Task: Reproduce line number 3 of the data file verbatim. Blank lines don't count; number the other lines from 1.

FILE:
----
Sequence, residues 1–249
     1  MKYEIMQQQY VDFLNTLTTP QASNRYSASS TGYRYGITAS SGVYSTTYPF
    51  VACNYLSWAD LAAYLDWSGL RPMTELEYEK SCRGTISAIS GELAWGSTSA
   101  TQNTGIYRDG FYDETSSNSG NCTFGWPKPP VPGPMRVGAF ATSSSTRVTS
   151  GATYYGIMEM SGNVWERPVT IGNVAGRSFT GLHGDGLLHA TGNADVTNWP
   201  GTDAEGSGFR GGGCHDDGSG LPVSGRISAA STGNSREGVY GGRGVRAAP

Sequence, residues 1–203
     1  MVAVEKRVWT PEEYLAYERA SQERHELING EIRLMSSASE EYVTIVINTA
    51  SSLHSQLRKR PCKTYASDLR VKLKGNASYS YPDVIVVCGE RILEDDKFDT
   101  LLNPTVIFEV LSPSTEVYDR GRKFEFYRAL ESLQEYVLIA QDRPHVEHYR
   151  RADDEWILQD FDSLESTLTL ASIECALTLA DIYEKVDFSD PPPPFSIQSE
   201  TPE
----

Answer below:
    51  VACNYLSWAD LAAYLDWSGL RPMTELEYEK SCRGTISAIS GELAWGSTSA